Income risk of EU coal-fired power plants after Kyoto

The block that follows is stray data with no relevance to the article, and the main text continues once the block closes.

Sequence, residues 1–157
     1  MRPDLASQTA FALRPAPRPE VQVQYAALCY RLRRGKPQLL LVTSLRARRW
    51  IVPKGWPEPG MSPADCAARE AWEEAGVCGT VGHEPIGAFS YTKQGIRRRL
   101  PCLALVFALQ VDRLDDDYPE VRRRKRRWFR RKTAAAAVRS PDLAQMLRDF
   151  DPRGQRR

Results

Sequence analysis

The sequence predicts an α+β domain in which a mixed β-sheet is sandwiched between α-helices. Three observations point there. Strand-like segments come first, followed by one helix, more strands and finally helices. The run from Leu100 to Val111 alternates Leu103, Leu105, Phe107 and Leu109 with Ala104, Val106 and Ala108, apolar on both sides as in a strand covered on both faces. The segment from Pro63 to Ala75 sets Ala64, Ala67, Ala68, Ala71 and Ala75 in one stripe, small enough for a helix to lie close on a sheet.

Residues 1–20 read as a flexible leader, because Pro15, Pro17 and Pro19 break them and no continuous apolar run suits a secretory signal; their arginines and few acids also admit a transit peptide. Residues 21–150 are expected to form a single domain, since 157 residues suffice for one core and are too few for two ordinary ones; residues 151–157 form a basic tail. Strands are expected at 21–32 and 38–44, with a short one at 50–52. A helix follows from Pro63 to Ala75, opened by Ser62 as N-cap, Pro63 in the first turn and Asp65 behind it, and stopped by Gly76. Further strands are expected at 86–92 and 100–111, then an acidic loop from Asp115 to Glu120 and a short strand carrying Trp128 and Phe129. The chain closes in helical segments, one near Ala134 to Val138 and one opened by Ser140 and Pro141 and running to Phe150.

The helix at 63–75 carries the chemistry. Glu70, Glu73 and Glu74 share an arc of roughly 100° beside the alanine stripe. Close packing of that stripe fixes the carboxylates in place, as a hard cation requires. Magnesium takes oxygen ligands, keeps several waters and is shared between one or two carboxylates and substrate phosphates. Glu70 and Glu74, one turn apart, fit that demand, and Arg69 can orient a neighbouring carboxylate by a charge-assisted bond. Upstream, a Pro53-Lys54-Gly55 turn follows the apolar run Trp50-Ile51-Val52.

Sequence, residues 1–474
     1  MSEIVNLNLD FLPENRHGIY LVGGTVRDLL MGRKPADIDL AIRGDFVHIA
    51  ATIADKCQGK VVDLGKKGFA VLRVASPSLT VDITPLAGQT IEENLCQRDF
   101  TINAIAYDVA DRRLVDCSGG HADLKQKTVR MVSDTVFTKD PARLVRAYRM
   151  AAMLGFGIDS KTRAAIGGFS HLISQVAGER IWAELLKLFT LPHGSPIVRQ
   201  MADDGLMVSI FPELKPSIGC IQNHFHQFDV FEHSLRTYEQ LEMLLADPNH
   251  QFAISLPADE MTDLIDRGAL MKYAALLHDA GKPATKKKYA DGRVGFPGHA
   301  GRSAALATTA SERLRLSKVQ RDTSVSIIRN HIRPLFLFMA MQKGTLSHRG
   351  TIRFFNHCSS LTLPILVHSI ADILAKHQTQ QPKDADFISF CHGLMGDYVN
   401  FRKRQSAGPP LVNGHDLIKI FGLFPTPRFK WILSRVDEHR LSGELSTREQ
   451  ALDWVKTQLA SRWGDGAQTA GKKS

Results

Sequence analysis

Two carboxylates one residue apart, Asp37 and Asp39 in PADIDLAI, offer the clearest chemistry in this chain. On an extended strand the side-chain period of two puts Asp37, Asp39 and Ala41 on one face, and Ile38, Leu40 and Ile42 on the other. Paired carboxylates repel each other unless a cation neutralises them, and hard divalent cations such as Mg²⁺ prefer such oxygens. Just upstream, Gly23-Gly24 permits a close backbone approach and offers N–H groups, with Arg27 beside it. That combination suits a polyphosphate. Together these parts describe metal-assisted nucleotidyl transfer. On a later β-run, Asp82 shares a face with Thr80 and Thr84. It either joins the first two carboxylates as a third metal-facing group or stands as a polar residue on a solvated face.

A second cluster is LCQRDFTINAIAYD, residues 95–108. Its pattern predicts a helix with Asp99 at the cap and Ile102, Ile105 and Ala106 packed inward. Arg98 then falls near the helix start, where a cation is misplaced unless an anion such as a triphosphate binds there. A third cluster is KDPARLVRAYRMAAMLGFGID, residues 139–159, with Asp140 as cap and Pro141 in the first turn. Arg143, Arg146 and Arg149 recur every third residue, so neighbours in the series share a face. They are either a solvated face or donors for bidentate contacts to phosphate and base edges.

Coal-fired power plants may enjoy a significant advantage relative to gas plants in terms of cheaper fuel cost. Still, this advantage may erode or even turn into disadvantage depending on CO2 emission allowance price. This price will presumably rise in both the Kyoto Protocol commitment period (2008-2012) and the first post-Kyoto years. Thus, in a carbon-constrained environment, coal plants face financial risks arising in their profit margins, which in turn hinge on their so-called "clean dark spread". These risks are further reinforced when the price of the output electricity is determined by natural gas-fired plants' marginal costs, which differ from coal plants' costs. We aim to assess the risks in coal plants' margins. We adopt parameter values estimated from empirical data. These in turn are derived from natural gas and electricity markets alongside the EU ETS market where emission allowances are traded. Monte Carlo simulation allows to compute the expected value and risk profile of coal-based electricity generation. We focus on the clean dark spread in both time periods under different future scenarios in the allowance market. Specifically, bottom 5% and 10% percentiles are derived. According to our results, certain future paths of the allowance price may impose significant risks on the clean dark spread obtained by coal plants.